need to be exalted, while ugly views need to be masked. Hedges are another easy way to visually connect buildings and spaces. Continuity of hardscape and plant materials can pull a landscape together visually. Also, creating a focal point to lead the person from place to place so they know where to go is an age-old technique that accomplishes the connecting of the buildings. Continured on page 54 SPR ING | 2 0 1 5 | EQ U ES TRIA N Q UA RTERLY | 51


DALE FISHER

JON CARLOFTIS FINE GARDENS

This page, above: A beautiful formal garden at Mt. Brilliant Farm in Lexington, Kentucky. Below: The intricate planning of paddocks, fences, and permanent structures of Lane’s End Farm. Opposite: Curved fences, grass-jointed paths, sky-pencil hollies, hedges, and border gardens are functional and visually appealing.

MORGAN WHEELOCK INCORPORATED

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NEIL LANDINO

MORGAN WHEELOCK DALE FISHER

JANICE PARKER LANDSCAPE ARCHITECTS

NEIL LANDINO

MORGAN WHEELOCK INCORPORATED

JANICE PARKER LANDSCAPE ARCHITECTS

JON CARLOFTIS FINE GARDENS

NEIL LANDINO

JANICE PARKER LANDSCAPE ARCHITECTS

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Graham: Framing and editing views are fundamental considerations.

Sometimes a view is too big, or needs to be held back until a visitor has passed through other portions of the space. Sometimes small or close views need to be isolated and framed to increase their interest and give depth and perspective. Choreographing the way and sequence of people’s experience of space, inside and outside, is part of the garden art. Parker: The inspiration for the garden comes from the site, the architecture, and the client—all of these pieces must be considered carefully when planning a design. I want people outdoors, in the natural environment. We want to make the magic that draws them out and keeps them there—and happier outside than anywhere else. The secret is to discover the essence of the garden the client wants to create as well as the true character of the site. This understanding should then physically, intellectually, spiritually, and emotionally infuse every aspect of the garden design. It will be the style of the garden. I look to find ways to use graceful arcs and well-proportioned axial connections to create a blend of the indoor spaces and the larger outdoors—with a focused simplicity. Do you see architecture differently from the way architects see it?   Carloftis: Probably, because we are trained differently. Unless you really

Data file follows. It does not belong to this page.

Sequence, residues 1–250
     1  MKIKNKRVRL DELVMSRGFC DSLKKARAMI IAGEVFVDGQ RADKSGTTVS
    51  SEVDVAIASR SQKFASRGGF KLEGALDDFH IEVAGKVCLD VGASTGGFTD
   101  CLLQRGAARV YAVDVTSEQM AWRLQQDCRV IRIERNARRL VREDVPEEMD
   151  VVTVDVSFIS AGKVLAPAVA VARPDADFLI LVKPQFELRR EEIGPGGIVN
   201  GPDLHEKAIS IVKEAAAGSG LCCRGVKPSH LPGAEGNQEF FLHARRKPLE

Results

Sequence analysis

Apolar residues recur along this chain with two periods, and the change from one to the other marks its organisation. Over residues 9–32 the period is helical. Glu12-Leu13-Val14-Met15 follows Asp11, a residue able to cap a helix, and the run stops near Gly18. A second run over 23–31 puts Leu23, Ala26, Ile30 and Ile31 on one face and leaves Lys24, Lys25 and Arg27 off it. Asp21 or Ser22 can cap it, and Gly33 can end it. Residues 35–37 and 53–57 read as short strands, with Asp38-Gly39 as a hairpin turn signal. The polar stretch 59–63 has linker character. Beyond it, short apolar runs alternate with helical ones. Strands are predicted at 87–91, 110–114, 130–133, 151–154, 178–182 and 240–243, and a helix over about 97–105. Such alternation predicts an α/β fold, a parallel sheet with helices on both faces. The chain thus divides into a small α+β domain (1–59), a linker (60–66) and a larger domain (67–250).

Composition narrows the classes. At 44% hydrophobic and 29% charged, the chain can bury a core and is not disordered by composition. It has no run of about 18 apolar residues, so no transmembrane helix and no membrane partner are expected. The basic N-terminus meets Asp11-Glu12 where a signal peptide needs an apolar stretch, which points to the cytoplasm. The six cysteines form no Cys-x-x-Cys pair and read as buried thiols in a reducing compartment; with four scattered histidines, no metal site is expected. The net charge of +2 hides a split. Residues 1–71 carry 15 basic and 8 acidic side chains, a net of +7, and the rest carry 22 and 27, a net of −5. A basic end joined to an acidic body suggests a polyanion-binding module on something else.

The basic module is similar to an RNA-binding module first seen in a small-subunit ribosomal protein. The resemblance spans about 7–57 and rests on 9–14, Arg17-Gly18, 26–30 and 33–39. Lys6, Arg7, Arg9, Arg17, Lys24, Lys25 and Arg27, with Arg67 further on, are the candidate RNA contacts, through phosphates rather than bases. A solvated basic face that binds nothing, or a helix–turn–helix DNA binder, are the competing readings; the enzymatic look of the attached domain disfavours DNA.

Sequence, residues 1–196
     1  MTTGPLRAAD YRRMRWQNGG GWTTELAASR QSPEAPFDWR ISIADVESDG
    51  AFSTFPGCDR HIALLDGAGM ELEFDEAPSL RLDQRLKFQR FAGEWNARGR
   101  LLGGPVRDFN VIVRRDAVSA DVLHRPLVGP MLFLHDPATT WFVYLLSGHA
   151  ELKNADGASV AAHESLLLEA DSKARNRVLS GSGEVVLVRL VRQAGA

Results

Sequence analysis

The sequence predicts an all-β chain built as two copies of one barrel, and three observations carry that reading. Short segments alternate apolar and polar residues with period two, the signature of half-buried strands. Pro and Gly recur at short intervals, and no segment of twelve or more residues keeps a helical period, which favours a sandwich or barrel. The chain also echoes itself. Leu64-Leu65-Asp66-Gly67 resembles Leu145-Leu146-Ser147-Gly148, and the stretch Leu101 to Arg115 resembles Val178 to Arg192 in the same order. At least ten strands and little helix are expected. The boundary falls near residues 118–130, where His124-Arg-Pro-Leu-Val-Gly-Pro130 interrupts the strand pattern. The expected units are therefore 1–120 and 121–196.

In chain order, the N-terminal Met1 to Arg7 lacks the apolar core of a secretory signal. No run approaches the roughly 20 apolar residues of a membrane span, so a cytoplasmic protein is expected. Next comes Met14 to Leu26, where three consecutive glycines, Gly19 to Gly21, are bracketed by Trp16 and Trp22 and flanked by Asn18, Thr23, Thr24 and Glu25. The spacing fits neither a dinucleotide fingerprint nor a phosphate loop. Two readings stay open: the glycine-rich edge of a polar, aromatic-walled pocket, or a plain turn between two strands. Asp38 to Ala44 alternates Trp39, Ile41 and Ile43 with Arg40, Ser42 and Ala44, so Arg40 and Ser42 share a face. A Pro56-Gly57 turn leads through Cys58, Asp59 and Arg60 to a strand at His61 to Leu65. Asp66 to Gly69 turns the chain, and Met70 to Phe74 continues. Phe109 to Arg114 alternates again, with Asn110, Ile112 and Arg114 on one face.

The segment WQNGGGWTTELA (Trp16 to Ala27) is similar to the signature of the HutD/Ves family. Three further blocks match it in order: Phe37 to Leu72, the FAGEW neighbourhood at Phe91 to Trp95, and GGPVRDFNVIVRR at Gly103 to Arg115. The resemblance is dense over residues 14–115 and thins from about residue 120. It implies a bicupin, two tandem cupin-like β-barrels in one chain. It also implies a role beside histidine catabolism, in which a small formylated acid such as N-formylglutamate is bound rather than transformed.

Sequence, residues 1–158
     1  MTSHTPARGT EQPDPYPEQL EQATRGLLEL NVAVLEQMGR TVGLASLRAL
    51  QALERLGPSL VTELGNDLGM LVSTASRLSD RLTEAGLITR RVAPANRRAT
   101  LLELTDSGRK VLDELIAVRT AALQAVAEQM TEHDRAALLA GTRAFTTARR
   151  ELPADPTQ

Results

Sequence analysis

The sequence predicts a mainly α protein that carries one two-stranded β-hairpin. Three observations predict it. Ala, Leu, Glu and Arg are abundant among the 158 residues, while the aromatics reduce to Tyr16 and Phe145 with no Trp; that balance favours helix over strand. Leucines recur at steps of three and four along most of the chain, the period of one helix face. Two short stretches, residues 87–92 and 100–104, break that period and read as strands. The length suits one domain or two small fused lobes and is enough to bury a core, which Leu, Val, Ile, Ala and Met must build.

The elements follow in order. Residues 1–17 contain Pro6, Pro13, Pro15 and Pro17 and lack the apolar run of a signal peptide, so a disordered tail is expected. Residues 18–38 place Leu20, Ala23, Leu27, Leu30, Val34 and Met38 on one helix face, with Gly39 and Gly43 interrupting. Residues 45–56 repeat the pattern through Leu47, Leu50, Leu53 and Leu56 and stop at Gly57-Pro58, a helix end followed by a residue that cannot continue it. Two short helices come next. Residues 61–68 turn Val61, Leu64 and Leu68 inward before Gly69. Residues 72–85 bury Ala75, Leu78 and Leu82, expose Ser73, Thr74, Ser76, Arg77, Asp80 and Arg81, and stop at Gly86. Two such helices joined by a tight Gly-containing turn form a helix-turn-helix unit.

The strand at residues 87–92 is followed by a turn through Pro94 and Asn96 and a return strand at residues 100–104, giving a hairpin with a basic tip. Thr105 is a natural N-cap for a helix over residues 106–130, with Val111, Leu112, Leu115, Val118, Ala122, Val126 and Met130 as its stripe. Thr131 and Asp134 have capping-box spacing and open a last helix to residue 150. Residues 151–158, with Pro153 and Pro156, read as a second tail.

Wheelock: Landscape architects see buildings as an event in a fluid movement of the landscape.

TERRY MOORE

know plant material, the world looks green instead of knowing the different textures. I must say that every successful landscape has a knowledgeable plantsman on board. This takes it to a higher level.

What are the design challenges and rewards of designing large expansive vistas or small, intimate An uncluttered, expansive vista. spaces? How do you transition from intimate spaces to wide vistas? Are there typical or special techniques that you use? Carloftis: Since I started my business in New York City 25 years ago,

dealing only with small spaces has been my company’s forte. Every home or farm has these small spaces somewhere to deal with, so it’s a matter of working off the buildings to make it work both visually and physically. As for transitioning, we like to close you in, perhaps an allée or archway, then open you up by having negative, wide-open space, over and over again in the landscape, because it plays with ones emotions. This is how drama is made in the garden. Graham: Yes. Trade secrets. But here are two rules of thumb: a space or

a view can appear to be too big under certain circumstances, and wants to be modulated. The smaller the space, the trickier it is to get right. Courtyards, for example, are like jewelry; they have to have just the right amount going on in them, and no more. Parker: Every element of a design matters–edges and transitions, cor-

ners, intersections, plants, scents, sounds, and importantly, the quality of the light. It is a goal to have a sense of focused simplicity and a care for site-specific, distinctive detailing. In large and small spaces human needs are the same–spaces must be comfortable, welcoming, and invite interaction and communication. Seating and gathering areas in large and small spaces either work—or they don’t. There is a wealth of knowledge and 54 | E Q U E S T R I A N Q UA RT E RLY | S P R I N G 2015

studies on the ways that people use space, and the most successful spaces all share common threads. On a domestic level, we always consider the furniture placement and the lighting—key elements to be analyzed at the beginning of a design. Ten Eyck: Expansive vistas: Don’t clutter it up and try to do too much. Work with the horizon lines. Intimate spaces are tricky—every foot counts and scale is everything. Typically when we work on projects, we create a series of thresholds and rooms that have different scales depending on the situation. The rewards from working on expansive or intimate spaces are when the client that you are designing for and with is happy and spends many precious life moments in those spaces with the people they love. Wheelock: Most techniques are intuitive. It’s about sensing what feels right. Listen carefully and then don’t listen. Look at the land and visualize how you can preserve the fluidity of the property while meeting the land’s needs and the owner’s needs. There is a theme to the rhythm and movement and it’s always changing. Do you typically look at historic precedent in the specific property or the area on which to build your design concept? In other words, if you found an old stone foundation of a former barn or residence, do you look for ways to preserve its historic context in some way or would you prefer to remove and recycle the material in some more useful way? Graham: Always. Context is everything, even for a Frank Gehry building. Landscape is what weaves disparate objects—buildings—into the common fabric of our cities and communities, and it must be attuned to time as well as place. Parker: I have observed that the historical farmer’s shaping of the land is